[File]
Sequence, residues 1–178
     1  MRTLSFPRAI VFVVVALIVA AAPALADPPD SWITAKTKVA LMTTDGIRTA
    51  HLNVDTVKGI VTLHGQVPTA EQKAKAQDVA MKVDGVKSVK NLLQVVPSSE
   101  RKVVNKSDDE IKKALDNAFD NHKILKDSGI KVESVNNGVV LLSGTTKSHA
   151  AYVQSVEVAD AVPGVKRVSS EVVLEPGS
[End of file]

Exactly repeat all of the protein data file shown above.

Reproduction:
Sequence, residues 1–178
     1  MRTLSFPRAI VFVVVALIVA AAPALADPPD SWITAKTKVA LMTTDGIRTA
    51  HLNVDTVKGI VTLHGQVPTA EQKAKAQDVA MKVDGVKSVK NLLQVVPSSE
   101  RKVVNKSDDE IKKALDNAFD NHKILKDSGI KVESVNNGVV LLSGTTKSHA
   151  AYVQSVEVAD AVPGVKRVSS EVVLEPGS